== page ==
As with anything in life, a road trip involves many layers. There’s the adventure of hitting the road and rediscovering the country. There’s also a host of other angles, and these will be handled through tabs at the top of the home page, such as “AutoP and Nav”. Today I add another tab: “Musings”. Ever wonder what’s going on in the writer’s mind during the adventure? Sometimes I will share those thoughts in this section. Check it out if such things tweak your curiosity.
Some years ago I sailed my 37 ft sailboat from California to Hawaii. In the planning stage I considered all the free time that I’d have on a 2-3 week sail, and I stocked the boat with all sorts of books to read. How many were completed during the crossing? Not a one. I failed to realize that the cruise itself would suck up my time. There was the night when a half-dozen porpoises arrived with the speed of torpedoes and spent the better part of an hour playing in our bow wave. There was the fishing for mahi mahi, the preparations of gear for foul weather, and the evening get-togethers of crew to watch the sunsets. There was the pure joy of steering through a moonlit night of swell patterns when our 6 knots looked more like 30 knots.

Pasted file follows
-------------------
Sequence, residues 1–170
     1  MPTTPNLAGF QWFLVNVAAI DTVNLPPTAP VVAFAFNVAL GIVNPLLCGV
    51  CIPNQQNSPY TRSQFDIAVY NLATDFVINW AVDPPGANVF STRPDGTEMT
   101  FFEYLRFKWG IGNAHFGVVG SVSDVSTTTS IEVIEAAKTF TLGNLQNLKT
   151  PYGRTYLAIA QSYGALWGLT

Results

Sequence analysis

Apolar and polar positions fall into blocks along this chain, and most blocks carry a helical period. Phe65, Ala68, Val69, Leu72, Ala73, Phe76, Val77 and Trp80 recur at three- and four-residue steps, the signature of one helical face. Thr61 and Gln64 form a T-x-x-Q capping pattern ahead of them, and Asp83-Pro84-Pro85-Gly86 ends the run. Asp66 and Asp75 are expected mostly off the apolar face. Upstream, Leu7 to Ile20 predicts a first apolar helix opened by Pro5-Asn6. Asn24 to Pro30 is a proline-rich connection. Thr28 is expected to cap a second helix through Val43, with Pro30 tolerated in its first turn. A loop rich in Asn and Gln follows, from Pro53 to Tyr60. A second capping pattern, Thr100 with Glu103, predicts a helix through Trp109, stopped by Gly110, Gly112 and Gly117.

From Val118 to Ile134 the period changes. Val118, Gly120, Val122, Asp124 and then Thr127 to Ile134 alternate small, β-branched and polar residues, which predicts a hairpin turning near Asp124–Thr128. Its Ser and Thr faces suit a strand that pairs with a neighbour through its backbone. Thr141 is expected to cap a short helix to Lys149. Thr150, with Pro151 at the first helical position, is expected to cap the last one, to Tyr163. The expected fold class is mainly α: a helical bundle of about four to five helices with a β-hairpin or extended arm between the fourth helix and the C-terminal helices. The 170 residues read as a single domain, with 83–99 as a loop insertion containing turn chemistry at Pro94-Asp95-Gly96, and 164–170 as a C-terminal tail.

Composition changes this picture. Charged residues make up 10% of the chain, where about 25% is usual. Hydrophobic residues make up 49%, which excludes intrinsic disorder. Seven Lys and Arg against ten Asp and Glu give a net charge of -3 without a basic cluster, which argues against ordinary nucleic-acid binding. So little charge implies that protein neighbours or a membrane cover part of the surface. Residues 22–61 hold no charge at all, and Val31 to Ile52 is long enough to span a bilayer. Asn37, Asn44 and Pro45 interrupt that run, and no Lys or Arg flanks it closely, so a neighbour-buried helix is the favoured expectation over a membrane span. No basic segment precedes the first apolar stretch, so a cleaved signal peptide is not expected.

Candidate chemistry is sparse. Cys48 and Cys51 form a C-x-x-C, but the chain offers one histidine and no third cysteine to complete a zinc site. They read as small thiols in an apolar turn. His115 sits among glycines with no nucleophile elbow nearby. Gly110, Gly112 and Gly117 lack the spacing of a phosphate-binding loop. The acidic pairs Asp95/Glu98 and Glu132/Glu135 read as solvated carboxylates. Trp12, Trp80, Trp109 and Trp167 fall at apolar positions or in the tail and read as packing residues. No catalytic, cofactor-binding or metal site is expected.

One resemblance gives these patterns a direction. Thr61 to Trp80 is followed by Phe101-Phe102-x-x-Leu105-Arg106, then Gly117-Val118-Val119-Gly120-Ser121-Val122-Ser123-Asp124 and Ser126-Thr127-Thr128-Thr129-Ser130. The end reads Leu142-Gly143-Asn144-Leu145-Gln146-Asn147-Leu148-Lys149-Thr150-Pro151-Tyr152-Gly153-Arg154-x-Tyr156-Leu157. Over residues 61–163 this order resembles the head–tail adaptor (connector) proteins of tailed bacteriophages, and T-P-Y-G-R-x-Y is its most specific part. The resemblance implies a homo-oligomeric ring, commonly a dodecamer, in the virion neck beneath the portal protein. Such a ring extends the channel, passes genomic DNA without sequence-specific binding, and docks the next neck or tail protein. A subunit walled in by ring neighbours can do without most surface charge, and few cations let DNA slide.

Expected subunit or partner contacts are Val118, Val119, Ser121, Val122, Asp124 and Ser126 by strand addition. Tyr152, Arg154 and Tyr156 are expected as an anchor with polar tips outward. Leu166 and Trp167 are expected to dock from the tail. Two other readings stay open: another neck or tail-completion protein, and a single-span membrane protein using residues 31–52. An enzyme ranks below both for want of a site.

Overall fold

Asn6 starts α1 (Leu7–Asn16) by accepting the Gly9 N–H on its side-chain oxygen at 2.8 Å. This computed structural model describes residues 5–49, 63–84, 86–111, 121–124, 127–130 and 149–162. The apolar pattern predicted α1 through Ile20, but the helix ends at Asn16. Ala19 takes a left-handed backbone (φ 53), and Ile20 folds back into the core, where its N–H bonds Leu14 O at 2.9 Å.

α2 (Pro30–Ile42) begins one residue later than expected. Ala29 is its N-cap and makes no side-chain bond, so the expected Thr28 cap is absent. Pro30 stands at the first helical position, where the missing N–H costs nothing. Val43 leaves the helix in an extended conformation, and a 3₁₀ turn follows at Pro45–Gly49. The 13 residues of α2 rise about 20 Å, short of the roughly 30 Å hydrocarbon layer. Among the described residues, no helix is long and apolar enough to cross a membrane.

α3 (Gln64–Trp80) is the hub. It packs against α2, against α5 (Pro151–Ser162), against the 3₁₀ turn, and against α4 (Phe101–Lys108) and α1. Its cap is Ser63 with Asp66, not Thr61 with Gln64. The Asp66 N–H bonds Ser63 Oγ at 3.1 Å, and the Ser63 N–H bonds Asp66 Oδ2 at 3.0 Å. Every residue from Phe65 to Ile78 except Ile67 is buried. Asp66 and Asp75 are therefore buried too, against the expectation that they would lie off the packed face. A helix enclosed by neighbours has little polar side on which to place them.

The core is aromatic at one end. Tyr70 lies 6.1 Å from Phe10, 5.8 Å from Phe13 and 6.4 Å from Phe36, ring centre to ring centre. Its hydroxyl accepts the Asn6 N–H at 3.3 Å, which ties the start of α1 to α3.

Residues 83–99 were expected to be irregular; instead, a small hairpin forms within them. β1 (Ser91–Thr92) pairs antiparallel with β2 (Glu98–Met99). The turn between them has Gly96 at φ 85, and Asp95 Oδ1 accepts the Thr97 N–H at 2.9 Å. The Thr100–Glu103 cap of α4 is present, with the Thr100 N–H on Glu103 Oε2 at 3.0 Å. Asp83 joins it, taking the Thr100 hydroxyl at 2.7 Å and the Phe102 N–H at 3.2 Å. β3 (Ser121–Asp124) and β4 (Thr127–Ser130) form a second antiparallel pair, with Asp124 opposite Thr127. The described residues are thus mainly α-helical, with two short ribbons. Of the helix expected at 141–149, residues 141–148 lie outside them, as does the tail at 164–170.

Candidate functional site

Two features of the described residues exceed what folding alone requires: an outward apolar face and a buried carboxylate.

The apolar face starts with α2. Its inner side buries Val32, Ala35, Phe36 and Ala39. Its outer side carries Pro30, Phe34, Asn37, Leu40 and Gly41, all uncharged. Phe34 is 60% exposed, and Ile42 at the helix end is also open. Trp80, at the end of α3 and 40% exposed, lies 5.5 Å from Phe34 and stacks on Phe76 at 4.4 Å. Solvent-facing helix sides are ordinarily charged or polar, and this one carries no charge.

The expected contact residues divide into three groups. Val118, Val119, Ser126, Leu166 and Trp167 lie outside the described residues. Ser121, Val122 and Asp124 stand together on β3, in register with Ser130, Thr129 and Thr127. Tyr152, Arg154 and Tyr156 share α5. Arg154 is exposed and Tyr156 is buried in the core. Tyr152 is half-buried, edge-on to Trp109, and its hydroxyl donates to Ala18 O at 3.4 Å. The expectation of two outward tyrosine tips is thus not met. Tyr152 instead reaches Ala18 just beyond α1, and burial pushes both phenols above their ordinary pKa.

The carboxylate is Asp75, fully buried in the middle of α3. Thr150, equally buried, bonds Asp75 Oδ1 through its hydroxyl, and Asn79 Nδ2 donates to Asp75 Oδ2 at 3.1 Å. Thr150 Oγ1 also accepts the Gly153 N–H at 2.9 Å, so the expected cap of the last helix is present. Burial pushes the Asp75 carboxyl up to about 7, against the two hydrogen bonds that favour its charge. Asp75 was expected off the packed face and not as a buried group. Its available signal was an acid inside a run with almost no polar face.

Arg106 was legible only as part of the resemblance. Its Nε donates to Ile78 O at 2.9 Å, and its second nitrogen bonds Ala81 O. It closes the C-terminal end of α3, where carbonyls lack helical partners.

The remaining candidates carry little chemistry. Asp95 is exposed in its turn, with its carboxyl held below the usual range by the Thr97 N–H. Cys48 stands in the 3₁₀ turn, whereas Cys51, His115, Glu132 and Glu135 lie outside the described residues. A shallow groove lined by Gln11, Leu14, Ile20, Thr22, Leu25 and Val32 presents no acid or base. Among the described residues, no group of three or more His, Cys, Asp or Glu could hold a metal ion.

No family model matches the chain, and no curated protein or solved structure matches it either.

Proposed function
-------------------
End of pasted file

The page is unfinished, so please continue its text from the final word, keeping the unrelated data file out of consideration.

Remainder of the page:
I now realize that a road trip is similar to a sailing voyage in important ways. The road trip itself is significant challenge and entertainment, and finding the time to do external work or even keep the blog up to date is difficult sometimes. For camping days, there’s the time to set up camp and tear it down. And so one must realize that a day on the road provides less free time for such pursuits than one might imagine.
The sailing analogy goes further, though. My good friend Russ told of living on a sailboat and how every item must have a home and stay there, lest the lack of space become problematic. Now the vessel I call home for the next couple of months is a Tesla and everything must live in a very specific spot where it can be recovered without much of a hide-and-seek game. Besides grouping items into logical bunches (dog items, tools, clothing, etc.) I found it necessary to take into account how frequently certain items get used. Thus my toothbrush, vitamins, sunscreen, and other daily-use items now reside in an easy to access location. Storage space in a Tesla or a boat is artificially restricted if the items are perfect rectangular in shape, and so all my stuff is packed in soft-sided containers. I find stuff-sacks from REI to be excellent for organizing items. Finally, more than a month into the journey, I’ve discovered that certain items take up lots of space and never get used. Thus, they’re about to be mailed home, making daily activities much easier.